What Opera Are You Listening to Now?

Started by Tsaraslondon, April 10, 2017, 04:29:04 AM

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steve ridgway and 2 Guests are viewing this topic.

ritter

#3780
Puccini in operetta mode...



This recording of La Rondine, under the late lamented Gianluigi Gelmetti, is very idiomatic and succesful. Hearing the 21 year old Cecilia Gasdia as Magda is pure delight. She might not have been the most individual of singers, but had a beautiful voice and great technique.

"Nella dolce carezza della danza
Chiudo gli occhi per sognar
Tutto è oramai lontano
Niente mi può turbar
E il passato sembrami dileguar
"

We can make many reproaches to Puccini, but he had a melodic gift and orchestration abilities that were quite extraordinary.

ritter
-------------------------------------------------------------
"All culture corrupts, old boy, but French culture corrupts absolutely".

Wendell_E

In memory of Seiji Ozawa, his 1992 RCA recording of The Queen of Spades:

Tanglewood Festival Chorus & Boston Symphony Orchestra
Vladimir Atlantov (Herman)
Mirella Freni (Liza)
Maureen Forrester (Countess)
Sergei Leiferkus (Count Tomsky)
Dmitri Hvorostovsky (Yeletsky)
Katherine Ciesinski (Polina)
"Never argue with an idiot. They will drag you down to their level and beat you with experience." ― Mark Twain

VonStupp

Dmitri Shostakovich
Cheryomushki, op. 105
Pimlico Opera - Wasfi Kani

Per the WAYL2N Thread
VS

 
"All the good music has already been written by people with wigs and stuff."

ando


Verdi Aida (1970, RCA Red Seal)
Leontyne Price, Placido Domingo, Sherrill Milnes, Grace Bumbry, Ruggero Raimondi, Hans Sotin, Erich Leinsdorf, London Symphony Orchestra, The John Alldis Choir
After looming on top of my stereo set for weeks I'm finally listening to the infamous recording this afternoon. Price, of course, is divine but I had not expected such thrilling singing from Domingo. Impressive sound all around.

Wendell_E

More Carl Nielsen yesterday (Sunday), a DVD of Maskerade, a 2006 Royal Danish Opera production.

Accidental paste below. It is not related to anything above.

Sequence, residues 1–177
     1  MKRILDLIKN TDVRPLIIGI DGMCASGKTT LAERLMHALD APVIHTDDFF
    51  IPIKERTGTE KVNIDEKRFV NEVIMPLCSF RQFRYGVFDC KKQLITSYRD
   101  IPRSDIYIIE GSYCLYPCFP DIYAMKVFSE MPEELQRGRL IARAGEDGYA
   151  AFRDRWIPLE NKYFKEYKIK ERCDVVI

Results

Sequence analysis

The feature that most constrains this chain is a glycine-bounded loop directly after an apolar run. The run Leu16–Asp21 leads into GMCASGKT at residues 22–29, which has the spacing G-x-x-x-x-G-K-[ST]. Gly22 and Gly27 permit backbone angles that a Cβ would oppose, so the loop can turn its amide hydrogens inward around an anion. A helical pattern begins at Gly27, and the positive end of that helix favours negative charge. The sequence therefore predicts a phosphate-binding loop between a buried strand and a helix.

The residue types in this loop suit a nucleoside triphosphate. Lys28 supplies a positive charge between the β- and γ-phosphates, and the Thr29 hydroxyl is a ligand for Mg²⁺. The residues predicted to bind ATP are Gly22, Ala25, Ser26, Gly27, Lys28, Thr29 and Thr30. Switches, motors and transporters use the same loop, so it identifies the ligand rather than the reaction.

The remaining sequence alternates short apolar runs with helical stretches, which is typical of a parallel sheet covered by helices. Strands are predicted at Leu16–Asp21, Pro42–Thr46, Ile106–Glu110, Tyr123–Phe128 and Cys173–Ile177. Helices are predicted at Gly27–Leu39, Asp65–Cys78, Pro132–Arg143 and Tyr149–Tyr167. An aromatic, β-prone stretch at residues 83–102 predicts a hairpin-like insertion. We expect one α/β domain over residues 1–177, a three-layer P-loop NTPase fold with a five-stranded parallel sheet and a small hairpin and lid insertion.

Stephen Milling: Jeronimus
Susanne Resmark: Magdelone
Niels Jørgen Riis: Leander
Johan Reuter: Henrik
Mogens Gert Hansen: Arv
Poul Elming: Leonard
Gisela Stille: Leonora
Hanne Fischer: Pernille
Sten Byriel: A Night Watchman

Michael Schønwandt: Conductor

Director: Kasper Holten

I've had Ulf Scirmer's 1996 Decca CD set for a while, and like it well enough, but I might be more likely to pull out the DVD in the future. Seeing it does help, and I really liked Holten's production updated from 1723 to contemporary times. Unfortunately, the editor keeps switching to shots of the orchestra pit, sometimes the full orchestra, sometimes of conductor Schønwandt, and others of instrumental soloists. It happened so frequently, I started counting how many seconds the camera stayed on the stage action, before showing the orchestra. I think the highest I got to was 15 seconds, and sometimes it was only five. After I finished watching, I checked out the reviews on Amazon.com, and someone says there are 107 such cuts in the final, third act. I can easily believe it.


Also, the English subtitles are a translation intended to be sung, including mimicking the original's rhyme scheme. I found it irritating and wished they used the new translation made for the Decca set. It's highly unlikely, but if they re-issued a re-edit with new subtitles, I'd probably buy it.
"Never argue with an idiot. They will drag you down to their level and beat you with experience." ― Mark Twain

Roasted Swan

Quote from: VonStupp on February 10, 2024, 11:37:32 AMDmitri Shostakovich
Cheryomushki, op. 105
Pimlico Opera - Wasfi Kani

Per the WAYL2N Thread
VS

 

What did you think?!

Roasted Swan

Quote from: ando on February 11, 2024, 10:35:46 AM
Verdi Aida (1970, RCA Red Seal)
Leontyne Price, Placido Domingo, Sherrill Milnes, Grace Bumbry, Ruggero Raimondi, Hans Sotin, Erich Leinsdorf, London Symphony Orchestra, The John Alldis Choir
After looming on top of my stereo set for weeks I'm finally listening to the infamous recording this afternoon. Price, of course, is divine but I had not expected such thrilling singing from Domingo. Impressive sound all around.

Why "infamous"??

ando

Quote from: Roasted Swan on February 12, 2024, 09:05:54 AMWhy "infamous"??
It's the silly and seemingly never-ending argument over whether this or the 1962 Price recording is the best ever made of the opera - among Price fans, of course.  ;D


Tsaraslondon

Quote from: ando on February 12, 2024, 09:17:53 AMIt's the silly and seemingly never-ending argument over whether this or the 1962 Price recording is the best ever made of the opera - among Price fans, of course.  ;D



For me it's neither, but, hey, we can't all like the same ones.

My favourites would be the Muti with Caballé, the second Karajan with Freni and Carreras and the Serafin with Callas and Gobbi.